The Seattle Project

4 03 2015

Alex is learning about Seattle history in his third grade class. It’s been fun as a parent, too. One of his homework assignments was to go to someplace new in Seattle and take notes. We chose a UW Women’s Basketball game, and Alex spent a few minutes after the game learning about UW sports history from the mini-museum inside Hec Ed Pavilion.

Alex learns to make a

Alex learns to make a “W” with his fingers at the basketball game. Yes, the stadium was mostly empty for the game.

Then, last week, I chaperoned on a field trip to the Museum of History and Industry. The kids had an hour to work on a scavenger hunt, answering various questions about Seattle history. After, they worked in groups to identify various historical artifacts. Alex’s team had to identify a sextant. I don’t know how they did it, but they correctly knew that it was from the age of explorers and that we’d use a GPS for the same function today… but of course none of the kids knew how a sextant would be used. But I bet none of the adults in the museum knew that either.

Sextant

Explorer

The age of explorers.

But the most fun Seattle experience happened by accident this past weekend. We decided to go to the Seattle Bike Show by bike. While I’m used to biking everywhere, I’m still a little timid riding with the kids beyond the couple of miles around our house, especially when either kid is riding his own bicycle (as opposed to being pulled by me). The Bike Show was at CenturyLink Field, south of downtown… waay beyond my usual bike-with-kids stomping grounds. I don’t think I would have done it if there hadn’t been an organized family bike ride there. Riding in a big pack with other families showed me that it’s both easy and fun to get to downtown Seattle by bicycle… as long as you have the time to do it at a kid pace.

Exploring Seattle by Bike

Our route to and from downtown. Riding at Alex’s pace, it took two hours each way.

Our bike route wound up being an impromptu tour of Seattle’s industrial history. We went through trainyards and shipyards. We rode by an enormous ship picking up its cargo of grain at Terminal 86. We took the time to stop at Fisherman’s Terminal (“Home of the North Pacific Fishing Fleet”) and look at the memorial to those who lost their lives at sea. It was a way more fun and scenic way to get downtown than just driving on I-5, and I’m so glad we took the time to do it.

Bike trip selfie

Bike trip selfie at the Fisherman’s Terminal. Patrick rode with us to the stadium on our cargo bike, but he phoned in a rescue for the way home: Molly came to pick him up. Alex and I did the return trip alone.





Chilly Hilly 2015

28 02 2015

Patrick and I were speeding downhill on Fletcher Bay Road when I saw it: The Mile 19 shortcut sign. Turn right on Lynwood Center Road and you stay on the main Chilly Hilly route, which gives you 33 miles of biking around Bainbridge Island. Turn left and you cut off ten miles from the route. In other words, the left turn means you’re done.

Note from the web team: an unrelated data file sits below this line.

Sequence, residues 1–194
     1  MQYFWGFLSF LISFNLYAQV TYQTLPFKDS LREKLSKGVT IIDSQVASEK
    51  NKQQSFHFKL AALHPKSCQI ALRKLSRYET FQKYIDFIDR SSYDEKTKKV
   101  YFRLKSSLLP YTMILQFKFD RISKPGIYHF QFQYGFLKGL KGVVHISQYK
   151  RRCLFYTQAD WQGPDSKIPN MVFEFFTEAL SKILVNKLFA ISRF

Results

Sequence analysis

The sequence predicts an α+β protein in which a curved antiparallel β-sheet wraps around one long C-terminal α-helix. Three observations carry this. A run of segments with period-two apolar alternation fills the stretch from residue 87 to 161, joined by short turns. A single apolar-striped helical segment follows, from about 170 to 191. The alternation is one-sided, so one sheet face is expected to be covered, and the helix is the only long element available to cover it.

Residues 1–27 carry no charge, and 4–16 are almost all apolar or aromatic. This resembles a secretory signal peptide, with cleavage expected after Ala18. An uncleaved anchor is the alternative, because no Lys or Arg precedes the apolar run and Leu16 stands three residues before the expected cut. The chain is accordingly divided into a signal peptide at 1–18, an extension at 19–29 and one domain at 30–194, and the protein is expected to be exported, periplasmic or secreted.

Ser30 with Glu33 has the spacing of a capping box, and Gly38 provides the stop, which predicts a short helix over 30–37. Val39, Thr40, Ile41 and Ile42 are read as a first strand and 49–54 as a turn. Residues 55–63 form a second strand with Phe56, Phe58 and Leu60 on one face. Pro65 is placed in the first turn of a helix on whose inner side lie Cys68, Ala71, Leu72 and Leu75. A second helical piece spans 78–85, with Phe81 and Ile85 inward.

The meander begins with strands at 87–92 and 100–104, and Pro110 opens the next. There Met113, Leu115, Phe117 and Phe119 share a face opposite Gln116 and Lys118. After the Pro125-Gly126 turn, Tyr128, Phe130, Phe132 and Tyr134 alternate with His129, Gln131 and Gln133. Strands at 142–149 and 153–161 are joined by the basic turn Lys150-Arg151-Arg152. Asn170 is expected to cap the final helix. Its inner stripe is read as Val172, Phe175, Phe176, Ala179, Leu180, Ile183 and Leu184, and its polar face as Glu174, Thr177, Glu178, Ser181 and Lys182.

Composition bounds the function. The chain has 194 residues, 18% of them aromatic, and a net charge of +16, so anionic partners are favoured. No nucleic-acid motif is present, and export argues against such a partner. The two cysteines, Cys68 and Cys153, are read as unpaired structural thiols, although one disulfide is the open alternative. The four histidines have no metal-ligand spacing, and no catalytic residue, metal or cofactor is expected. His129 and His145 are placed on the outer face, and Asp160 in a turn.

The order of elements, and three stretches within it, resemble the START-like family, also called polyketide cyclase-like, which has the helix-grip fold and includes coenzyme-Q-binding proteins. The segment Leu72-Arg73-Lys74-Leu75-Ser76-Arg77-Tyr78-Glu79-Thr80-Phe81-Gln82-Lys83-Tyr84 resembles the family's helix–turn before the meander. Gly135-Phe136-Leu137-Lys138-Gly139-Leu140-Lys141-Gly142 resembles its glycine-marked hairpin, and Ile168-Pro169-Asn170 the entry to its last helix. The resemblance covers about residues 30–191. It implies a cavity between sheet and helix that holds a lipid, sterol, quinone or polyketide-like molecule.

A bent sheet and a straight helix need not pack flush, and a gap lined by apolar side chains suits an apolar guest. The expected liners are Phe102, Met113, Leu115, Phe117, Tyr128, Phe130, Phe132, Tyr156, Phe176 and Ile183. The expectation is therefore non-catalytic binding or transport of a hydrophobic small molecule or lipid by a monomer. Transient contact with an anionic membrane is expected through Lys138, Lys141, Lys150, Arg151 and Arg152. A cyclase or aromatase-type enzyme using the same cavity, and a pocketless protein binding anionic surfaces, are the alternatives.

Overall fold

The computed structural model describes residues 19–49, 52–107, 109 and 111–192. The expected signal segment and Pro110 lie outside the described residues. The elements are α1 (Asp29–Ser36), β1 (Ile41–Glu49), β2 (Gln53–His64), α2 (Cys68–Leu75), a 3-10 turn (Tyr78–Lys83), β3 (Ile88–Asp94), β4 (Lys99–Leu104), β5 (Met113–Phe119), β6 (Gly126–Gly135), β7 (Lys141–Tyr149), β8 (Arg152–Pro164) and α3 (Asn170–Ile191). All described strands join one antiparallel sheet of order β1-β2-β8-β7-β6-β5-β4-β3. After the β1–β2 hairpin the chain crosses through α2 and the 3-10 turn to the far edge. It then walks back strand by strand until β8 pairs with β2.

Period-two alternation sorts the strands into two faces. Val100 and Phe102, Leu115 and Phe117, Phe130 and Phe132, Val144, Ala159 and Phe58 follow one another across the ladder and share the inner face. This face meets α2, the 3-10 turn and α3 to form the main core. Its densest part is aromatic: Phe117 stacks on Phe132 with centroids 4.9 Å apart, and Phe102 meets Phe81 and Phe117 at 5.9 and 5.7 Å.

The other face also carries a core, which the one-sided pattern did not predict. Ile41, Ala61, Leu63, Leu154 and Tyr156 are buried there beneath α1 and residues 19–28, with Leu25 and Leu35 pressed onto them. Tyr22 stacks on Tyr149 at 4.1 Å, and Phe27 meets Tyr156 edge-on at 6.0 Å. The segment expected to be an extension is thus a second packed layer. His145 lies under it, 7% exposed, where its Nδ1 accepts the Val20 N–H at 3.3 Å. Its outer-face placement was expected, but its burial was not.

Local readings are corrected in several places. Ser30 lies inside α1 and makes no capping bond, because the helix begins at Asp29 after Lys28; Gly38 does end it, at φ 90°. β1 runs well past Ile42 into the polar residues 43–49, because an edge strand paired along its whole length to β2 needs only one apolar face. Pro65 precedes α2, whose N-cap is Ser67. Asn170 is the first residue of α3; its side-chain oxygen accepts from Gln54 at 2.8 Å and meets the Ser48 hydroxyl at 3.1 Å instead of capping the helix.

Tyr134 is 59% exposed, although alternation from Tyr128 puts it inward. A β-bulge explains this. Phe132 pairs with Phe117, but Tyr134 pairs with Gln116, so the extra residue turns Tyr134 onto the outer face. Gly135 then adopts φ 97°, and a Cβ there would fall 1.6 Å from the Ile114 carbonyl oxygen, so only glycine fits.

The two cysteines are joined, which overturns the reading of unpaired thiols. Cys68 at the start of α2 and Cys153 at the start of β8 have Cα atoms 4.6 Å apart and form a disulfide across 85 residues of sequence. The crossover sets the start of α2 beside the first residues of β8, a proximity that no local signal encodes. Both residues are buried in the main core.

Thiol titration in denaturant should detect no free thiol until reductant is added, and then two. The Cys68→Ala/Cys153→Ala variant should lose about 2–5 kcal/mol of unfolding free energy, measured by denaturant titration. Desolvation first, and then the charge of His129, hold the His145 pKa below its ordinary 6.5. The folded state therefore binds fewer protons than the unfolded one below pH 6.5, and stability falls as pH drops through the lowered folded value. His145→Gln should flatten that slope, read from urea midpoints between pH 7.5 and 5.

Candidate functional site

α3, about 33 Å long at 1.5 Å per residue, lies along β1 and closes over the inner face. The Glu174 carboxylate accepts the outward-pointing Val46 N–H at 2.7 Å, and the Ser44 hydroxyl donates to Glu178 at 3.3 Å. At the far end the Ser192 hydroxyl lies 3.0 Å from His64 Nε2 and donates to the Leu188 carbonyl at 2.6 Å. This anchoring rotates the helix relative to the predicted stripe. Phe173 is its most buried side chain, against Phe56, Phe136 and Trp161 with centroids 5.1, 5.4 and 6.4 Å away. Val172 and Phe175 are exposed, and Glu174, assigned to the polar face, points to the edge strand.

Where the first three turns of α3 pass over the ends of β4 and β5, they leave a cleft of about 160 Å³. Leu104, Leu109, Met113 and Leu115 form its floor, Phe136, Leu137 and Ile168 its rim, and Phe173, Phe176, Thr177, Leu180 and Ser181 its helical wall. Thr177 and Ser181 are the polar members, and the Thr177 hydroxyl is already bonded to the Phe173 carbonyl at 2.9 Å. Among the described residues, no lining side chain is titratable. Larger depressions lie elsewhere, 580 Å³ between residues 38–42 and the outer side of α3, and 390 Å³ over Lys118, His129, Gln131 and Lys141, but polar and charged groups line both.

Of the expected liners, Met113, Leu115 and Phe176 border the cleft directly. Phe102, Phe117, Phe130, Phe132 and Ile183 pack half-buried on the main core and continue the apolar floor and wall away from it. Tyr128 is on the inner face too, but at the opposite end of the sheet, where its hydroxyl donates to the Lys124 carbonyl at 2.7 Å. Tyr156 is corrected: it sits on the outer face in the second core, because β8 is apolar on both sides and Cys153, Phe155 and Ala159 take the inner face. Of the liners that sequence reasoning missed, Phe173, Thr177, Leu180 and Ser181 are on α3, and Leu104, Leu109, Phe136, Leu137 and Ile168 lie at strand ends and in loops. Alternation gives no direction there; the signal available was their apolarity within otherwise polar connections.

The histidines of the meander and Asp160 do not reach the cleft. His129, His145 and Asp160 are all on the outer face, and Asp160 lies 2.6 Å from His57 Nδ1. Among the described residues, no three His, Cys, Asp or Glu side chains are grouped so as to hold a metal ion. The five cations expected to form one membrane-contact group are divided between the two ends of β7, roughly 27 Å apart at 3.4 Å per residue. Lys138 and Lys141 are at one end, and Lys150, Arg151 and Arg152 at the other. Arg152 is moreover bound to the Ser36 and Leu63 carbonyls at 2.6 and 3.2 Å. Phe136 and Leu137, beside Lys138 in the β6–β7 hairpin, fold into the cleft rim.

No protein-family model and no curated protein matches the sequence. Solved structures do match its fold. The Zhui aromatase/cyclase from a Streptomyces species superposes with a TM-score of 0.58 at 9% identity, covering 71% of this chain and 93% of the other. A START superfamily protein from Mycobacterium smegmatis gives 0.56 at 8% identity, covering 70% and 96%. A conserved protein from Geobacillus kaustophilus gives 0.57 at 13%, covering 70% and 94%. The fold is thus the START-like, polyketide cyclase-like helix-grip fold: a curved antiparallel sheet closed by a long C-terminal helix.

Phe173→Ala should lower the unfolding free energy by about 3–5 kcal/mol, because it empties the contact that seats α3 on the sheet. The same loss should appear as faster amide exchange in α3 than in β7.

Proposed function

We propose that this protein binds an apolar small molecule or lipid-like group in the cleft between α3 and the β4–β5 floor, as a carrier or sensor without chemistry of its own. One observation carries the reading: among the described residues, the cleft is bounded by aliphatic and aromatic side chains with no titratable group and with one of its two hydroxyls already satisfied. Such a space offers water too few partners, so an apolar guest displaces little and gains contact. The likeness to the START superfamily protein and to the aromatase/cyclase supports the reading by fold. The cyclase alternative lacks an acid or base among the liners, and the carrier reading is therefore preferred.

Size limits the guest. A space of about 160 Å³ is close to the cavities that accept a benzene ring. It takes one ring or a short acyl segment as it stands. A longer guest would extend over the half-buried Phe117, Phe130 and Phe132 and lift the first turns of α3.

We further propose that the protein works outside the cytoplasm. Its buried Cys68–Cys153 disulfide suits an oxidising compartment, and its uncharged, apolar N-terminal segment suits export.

I decided to check in with Patrick. I was pulling him along on a tag-along bike. If you haven’t seen one, it’s basically a third wheel that clamps to the seatpost of my bike. Patrick gets his own seat and set of pedals, but I get to help with balance and speed. I called over my shoulder to him. “Patrick, how are you doing?”

“Good.” He sounded chipper.

“Do you think you can finish the ride?”

“Yeah.”

I turn right for the full Chilly Hilly route.

On the ferry

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Let’s Talk about Sweat

21 02 2015

Downton Abbey and air conditioning explain much of our attitudes about sweat. Farmer Drewe sweats because he works. Lord Grantham and Lady Mary don’t sweat unless they want to, as part of a quail hunt or steeplechase or something. And then when they’re done, their valet or ladies’ maid helps them change into their sixth outfit of the day. Aristocrats successfully confine sweat to recreation and keep it out of the everyday. That seems to be what everybody still aspires to. Air conditioned homes, cars, and office buildings make it easy for us to keep sweat in the gym.

 

Sweat? Never.

When I chose to start commuting by bike, I had to give up on that ideal. I know many commuters who wear special bike clothes on their ride and shower as soon as they get to work. I’m not one of those. I wear my normal clothes on my bike, and when I arrive at work I go straight to my desk and start working. I know that by being sweaty around other people, I’m violating one of the Crowley’s taboos, but this decision makes biking to work practical. If the thought of showering and changing every day keeps you from choosing an active commute, you should consider breaking this taboo, too. After all, we like to laugh at Downton Abbey’s outdated standards of clothing, class, and rigid propriety… why don’t we make its views on sweat equally outdated?

Taboo aside: I’ve learned a few things about staying comfortable when sweat is part of everyday life again.

  • I dress like it’s 10 degrees warmer than it actually is: I’m cold when I start biking, but I’m always warm when I’m done climbing Ravenna Boulevard. If I was warm when I started, I’d overheat on the way in to work.